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By Leonardo Impagliazzo, Chief Director, Digital, Innovation & Chief Lumada Business Officer, Hitachi Rail
In spring 2020, with fewer cars on the road worldwide because of the pandemic, emissions decreased in many of the world’s largest cities. Now, governments and other organizations are building on this knowledge, leveraging innovation, policy and data to drive a future of mobility that is not only sustainable but also socially and economically beneficial. The moment created an inflection point: Federal governments in the United States and Canada are funding the transformation to more sustainable infrastructure in North America, which includes more funding for mass transit. As part of this, President Biden’s American Jobs Plan and other policies aim to create a carbon pollution–free power sector by 2035 and a net-zero emissions economy by no later than 2050i. How we move will look and feel different in the future. As all these changes take place and passengers return to road, rail, air and sea, Hitachi is working with governments and industry leaders to help transportation operators integrate the technology and data needed to become more sustainable and efficient. Electric vehicles (EVs) and fleets, and public transit will be a big part of the transformation.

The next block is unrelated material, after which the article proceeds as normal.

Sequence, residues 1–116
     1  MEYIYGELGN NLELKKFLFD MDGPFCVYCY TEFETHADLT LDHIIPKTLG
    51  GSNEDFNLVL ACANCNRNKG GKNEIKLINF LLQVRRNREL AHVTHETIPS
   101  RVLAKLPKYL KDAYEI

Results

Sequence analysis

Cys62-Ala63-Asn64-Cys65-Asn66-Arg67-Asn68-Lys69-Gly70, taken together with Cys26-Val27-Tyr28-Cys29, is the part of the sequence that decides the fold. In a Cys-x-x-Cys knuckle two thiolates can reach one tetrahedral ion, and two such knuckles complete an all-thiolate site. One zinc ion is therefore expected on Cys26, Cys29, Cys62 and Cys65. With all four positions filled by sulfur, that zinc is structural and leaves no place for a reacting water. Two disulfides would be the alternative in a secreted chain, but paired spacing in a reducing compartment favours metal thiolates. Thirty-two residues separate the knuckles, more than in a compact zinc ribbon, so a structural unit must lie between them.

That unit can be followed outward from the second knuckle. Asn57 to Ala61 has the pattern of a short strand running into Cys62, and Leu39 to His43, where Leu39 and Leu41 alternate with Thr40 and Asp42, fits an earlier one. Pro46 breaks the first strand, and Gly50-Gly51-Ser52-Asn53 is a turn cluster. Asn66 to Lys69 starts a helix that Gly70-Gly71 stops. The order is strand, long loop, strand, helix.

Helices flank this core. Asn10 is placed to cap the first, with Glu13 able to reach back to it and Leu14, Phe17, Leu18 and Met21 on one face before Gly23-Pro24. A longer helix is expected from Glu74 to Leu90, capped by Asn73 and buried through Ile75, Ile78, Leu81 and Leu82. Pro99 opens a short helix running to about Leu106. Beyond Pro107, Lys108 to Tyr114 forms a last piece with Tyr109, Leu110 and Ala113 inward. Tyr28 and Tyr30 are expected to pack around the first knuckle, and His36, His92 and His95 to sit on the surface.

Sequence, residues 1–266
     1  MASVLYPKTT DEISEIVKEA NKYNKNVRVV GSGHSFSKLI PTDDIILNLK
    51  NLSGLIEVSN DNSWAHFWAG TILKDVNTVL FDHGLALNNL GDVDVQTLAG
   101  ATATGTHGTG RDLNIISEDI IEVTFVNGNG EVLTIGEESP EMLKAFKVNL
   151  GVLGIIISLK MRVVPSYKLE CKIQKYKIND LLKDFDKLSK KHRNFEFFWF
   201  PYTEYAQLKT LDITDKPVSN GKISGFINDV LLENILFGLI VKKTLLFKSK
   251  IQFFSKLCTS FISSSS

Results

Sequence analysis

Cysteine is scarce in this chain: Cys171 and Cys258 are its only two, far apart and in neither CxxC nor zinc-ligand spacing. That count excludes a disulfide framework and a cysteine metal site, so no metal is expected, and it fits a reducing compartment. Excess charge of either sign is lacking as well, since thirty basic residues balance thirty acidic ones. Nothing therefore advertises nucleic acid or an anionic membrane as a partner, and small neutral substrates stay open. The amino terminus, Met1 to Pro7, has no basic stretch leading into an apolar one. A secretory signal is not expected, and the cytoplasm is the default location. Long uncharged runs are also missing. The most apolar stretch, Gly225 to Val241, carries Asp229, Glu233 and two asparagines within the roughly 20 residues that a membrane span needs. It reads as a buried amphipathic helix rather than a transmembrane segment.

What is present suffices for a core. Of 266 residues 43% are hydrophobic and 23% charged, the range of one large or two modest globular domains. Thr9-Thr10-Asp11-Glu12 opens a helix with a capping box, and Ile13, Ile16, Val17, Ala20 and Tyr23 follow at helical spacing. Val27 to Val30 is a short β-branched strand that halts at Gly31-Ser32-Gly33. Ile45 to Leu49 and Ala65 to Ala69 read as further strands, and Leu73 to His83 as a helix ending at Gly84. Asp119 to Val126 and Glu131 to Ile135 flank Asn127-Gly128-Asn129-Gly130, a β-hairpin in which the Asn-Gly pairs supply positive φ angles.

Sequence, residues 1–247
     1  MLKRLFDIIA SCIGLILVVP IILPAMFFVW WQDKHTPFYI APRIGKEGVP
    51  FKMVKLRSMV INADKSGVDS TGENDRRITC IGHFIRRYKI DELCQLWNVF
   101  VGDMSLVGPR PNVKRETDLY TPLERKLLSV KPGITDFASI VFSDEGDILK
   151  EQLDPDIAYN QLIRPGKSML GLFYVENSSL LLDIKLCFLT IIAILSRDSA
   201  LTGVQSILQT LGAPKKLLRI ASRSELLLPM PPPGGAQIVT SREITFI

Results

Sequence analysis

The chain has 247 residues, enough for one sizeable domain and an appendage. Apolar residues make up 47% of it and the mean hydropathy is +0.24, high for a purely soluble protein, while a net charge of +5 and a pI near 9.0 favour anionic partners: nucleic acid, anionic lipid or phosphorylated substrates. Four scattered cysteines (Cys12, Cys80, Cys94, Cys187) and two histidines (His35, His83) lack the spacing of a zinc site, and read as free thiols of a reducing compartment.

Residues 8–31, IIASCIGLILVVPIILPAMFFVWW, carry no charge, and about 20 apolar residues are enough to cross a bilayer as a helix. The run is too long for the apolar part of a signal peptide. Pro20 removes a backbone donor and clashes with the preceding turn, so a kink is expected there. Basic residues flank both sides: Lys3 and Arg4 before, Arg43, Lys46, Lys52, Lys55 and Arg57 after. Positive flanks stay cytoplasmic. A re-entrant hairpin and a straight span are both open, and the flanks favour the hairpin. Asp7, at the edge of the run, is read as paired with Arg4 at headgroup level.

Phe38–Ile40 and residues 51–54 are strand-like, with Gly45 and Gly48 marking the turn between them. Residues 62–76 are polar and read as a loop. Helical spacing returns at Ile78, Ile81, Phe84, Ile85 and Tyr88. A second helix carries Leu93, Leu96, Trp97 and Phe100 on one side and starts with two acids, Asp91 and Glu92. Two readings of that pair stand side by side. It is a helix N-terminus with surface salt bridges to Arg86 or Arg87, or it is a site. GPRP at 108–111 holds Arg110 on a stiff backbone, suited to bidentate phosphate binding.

Transportation is responsible for 29% of U.S. greenhouse gas emissions, according to the U.S. Environmental Protection Agencyii. Growing consumer awareness around environmental issues, paired with automotive industry advances, are creating a powerful market for EVs in private and public transport. As demand builds, the automotive industry and commercial fleet operators have an unprecedented opportunity to impact the greater good, with analysts predicting more than 100 million electric vehicles to be on the road by 2030.